Nelson Mandela: An African Hero

Nelson Mandela

Nelson Mandela: An African Hero

Nelson Mandela was born on July 18th, 1918, in the village of Mvezo, in Transkei, South Africa. His given birth name was Rolihlahla, which means ‘troublemaker’ in the Xhosa language. He was also called by his clan name: ‘Madiba’ as a sign of respect and affection.

At the time of his death on December 12th, 2013 at the age of 95, Nelson had already worked as a lawyer, an activist, a politician and a Head of State in his active life. Above all, he is well known for having spent 27 years in prison for his fight against apartheid in South Africa. The role he played during this era would later on earn him a Nobel Peace Prize in 1993, which he shared with the South African president of the time, F.W. de Klerk.

Tragedy characterized Nelson’s childhood. His father died in 1930 when the future Nobel laureate was only 12. Fortunately, he was able to have access to good education as 1939 saw him at Fort Harare, a prestigious South African university.

It was in 1944 that his career in politics began when he joined the African National Congress (ANC). He also met his first wife, Evelyn Ntoko Madise, during the same year. Unfortunately, he divorced her in 1957. He would marry his second wife, Winnie Madikizela, in 1958, whom he also divorced in 1996. All in all, Nelson fathered six children during these marriages: four with Evelyn and two with Winnie.

The turmoil that had characterized South African apartheid politics in the late 40s and throughout the 50s culminated in a deadly massacre that claimed the lives of 69 peaceful protesters in Sharpeville in 1960. The ANC and the Pan African Congress (PAC) were subsequently banned. A year later, the military wing of the ANC, Umkhonto we Sizwe, was launched with Mandela at its helm.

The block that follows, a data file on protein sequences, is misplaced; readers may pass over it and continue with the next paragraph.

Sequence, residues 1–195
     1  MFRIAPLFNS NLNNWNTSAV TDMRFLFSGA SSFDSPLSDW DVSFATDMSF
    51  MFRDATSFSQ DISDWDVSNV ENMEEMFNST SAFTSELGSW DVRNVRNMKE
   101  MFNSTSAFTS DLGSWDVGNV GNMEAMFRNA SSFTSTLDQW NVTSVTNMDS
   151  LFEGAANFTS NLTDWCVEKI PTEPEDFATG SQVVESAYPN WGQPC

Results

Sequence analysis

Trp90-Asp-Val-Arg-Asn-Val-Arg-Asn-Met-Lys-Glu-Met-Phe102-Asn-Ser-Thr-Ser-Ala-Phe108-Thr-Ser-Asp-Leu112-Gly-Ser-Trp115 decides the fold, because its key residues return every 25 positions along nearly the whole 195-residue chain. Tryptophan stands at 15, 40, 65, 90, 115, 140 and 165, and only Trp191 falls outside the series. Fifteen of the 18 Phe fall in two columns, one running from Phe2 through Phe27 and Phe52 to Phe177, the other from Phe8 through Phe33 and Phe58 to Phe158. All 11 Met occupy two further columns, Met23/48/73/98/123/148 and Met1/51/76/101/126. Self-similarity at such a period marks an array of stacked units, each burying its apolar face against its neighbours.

Nelson’s political life took a big turn in 1962 when he was arrested and sentenced to five years imprisonment for leaving the country illegally and for inciting a workers’ strike. However, the worst was yet to come. In 1964, Mandela was slapped with a life term at the end of the Rivonia Trial in which he was charged with treason alongside ten other accused individuals.  He would only walk as a free man in 1990 at the age of 72.

Prison life proved to be hard for Nelson and his family. For example, when his mother and son died, he could not even attend their funerals. Despite this harsh fact, Nelson never gave up his hope of a better South Africa. He continued his fight against racial injustice throughout his incarceration.

After his release, he was elected as the president of the ANC in 1991. Mandela served as the first black president of South Africa from 1994 to 1999. During his presidential term, he also met Graca Machel, the widowed wife of Mozambican president, Samora Machel. She became his third wife when he married her in 1998.

Nelson Rolihlahla Mandela died of lung cancer. He is fondly remembered by the whole world for his ideals for freedom, truth and justice.

Worksheets for downloading available here.